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More Students, More Languages

More Students, More Languages
November 14, 2007

Overall enrollments in languages other than English continue their steady climb, increasing by 12.9 percent from 2002 to 2006, with the most dramatic growth seen in the study of Arabic (up 126.5 percent) and Chinese (up 51 percent), according to the Modern Language Association's survey on "Enrollments in Languages Other Than English in United States Institutions of Higher Education, Fall 2006."

“As a professor of French, I’m reassured that the traditional languages are holding their own. But I’m really impressed with the increased enrollment in languages we thought of as very difficult. They still are, but students are willing to put in the effort," Catherine Porter, second vice president of the MLA and professor emerita at the State University of New York at Cortland, said during a telephone press conference Tuesday about the results of the survey, which had a 99.8 percent return rate among 2,801 colleges and universities.

Against the backdrop of increasing government support for language programs post-September 11, the MLA, which has conducted its survey periodically (every four years, of late) since 1958, found gains in all of the 15 most widely taught languages save Biblical Hebrew, down 0.3 percent from 2002 to 2006. Enrollments in the less commonly taught languages also increased by 31.2 percent from 2002, fueled largely by a 55.9 percent growth in Middle Eastern and African languages (the most popular being Aramaic, Swahili and Persian). In all, 204 of the less commonly taught languages were in fact taught in 2006, an increase of 42 languages over 2002.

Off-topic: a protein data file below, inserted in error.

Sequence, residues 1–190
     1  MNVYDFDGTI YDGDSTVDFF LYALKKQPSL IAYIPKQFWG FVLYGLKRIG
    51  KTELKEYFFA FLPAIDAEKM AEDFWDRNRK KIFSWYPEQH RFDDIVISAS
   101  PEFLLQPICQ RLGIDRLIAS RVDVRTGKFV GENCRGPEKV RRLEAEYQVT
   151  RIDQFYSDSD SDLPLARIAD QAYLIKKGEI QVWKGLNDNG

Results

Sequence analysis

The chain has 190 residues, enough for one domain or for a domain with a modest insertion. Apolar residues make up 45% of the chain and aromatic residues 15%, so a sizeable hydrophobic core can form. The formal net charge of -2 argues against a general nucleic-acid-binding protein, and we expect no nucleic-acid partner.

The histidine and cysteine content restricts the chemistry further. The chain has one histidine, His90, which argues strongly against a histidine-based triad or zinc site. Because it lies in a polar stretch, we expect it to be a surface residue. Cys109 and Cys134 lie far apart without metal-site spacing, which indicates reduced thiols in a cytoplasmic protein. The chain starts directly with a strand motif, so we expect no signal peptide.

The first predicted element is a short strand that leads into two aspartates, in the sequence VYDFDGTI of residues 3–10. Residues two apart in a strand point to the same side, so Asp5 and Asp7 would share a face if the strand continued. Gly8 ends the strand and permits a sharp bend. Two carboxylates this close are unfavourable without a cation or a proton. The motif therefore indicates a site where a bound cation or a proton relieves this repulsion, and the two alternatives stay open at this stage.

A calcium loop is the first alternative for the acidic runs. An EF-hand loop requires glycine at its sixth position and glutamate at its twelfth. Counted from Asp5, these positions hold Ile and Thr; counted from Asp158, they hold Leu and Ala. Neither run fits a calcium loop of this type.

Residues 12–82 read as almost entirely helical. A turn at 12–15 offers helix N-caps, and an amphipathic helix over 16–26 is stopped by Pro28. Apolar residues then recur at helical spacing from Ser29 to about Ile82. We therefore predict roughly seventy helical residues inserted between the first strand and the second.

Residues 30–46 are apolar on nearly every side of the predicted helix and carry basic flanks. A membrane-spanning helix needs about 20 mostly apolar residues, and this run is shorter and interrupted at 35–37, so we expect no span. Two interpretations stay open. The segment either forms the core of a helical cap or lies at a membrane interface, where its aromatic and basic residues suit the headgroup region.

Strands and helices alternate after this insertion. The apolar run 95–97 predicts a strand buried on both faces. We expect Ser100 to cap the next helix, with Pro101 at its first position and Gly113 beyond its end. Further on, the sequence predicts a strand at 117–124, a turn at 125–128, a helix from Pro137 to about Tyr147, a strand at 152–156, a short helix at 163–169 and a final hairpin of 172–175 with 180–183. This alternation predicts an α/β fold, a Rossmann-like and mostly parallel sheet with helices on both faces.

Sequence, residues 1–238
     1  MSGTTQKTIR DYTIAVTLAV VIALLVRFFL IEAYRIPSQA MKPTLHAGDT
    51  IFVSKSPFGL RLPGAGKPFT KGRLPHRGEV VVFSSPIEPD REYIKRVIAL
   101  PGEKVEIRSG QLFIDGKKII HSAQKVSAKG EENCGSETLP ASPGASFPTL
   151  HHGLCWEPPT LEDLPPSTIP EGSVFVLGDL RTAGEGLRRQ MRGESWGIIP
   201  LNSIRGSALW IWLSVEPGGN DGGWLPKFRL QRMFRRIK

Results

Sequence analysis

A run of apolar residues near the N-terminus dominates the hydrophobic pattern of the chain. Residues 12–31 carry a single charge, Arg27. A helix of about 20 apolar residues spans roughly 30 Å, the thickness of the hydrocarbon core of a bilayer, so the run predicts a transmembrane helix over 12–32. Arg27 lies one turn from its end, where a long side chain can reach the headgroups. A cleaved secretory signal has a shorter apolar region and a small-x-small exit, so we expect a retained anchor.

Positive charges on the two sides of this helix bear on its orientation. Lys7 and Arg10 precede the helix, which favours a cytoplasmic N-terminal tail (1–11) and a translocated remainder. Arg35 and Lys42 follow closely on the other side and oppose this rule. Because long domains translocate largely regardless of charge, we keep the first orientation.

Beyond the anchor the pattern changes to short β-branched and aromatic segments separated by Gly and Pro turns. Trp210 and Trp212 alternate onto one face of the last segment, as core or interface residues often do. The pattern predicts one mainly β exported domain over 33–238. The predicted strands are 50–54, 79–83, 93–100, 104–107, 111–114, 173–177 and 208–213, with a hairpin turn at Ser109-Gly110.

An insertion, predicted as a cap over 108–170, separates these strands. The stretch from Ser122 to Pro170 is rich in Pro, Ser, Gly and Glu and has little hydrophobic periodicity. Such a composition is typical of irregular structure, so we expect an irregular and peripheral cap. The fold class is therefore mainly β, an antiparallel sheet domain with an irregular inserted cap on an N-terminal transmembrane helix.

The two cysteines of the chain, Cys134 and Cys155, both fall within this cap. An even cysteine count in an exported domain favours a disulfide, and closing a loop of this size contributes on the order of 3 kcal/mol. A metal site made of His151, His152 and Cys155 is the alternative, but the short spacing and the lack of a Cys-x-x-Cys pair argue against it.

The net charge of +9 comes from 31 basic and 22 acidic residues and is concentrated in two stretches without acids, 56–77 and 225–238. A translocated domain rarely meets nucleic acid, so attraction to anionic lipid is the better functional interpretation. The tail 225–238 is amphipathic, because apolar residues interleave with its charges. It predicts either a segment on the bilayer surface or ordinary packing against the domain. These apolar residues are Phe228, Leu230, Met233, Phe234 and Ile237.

Enrollments in language courses have been steadily climbing since 1998 and language enrollments, in raw numbers, are at their highest since the MLA's 1960 survey. Yet, the report notes that the number of language course enrollments per 100 student enrollments is, at 8.6, about half the ratio in 1960 and 1965 (16.1 and 16.5, respectively).

Also, enrollments in language courses beyond the introductory level drop off dramatically. For advanced courses alone, the 2006 ratio falls to 1.4 language course enrollments per 100 students. This was the first time the MLA completed a breakdown of enrollments in introductory versus advanced courses, and Rosemary G. Feal, the MLA's executive director, cited the caveat that the numbers do not reflect students who take advanced-level languages during study abroad but not at their home campuses.

Among the most widely taught languages, Spanish remains the most popular by far with more than 50 percent of all language enrollments, and a 10.3 percent increase in enrollments from fall 2002 to 2006. Enrollments in French and German increased gradually, continuing a reversal of declines in the 1990s. Yet, as a share of total language course enrollments, the percentage studying Spanish, French and German declined from 74.4 percent in 2002 to 71.3 percent in 2006.

Enrollments in American sign language grew by 29.7 percent to put it right behind German at No. 4 -- a placement fueled in part by its much more astronomical 432.2 percent growth in enrollments from 1998 to 2002. Other languages with dramatic growths in enrollment over 2002 include, of course, Arabic and Chinese, as well as Japanese (up 27.5 percent) and Korean (up 37.1 percent).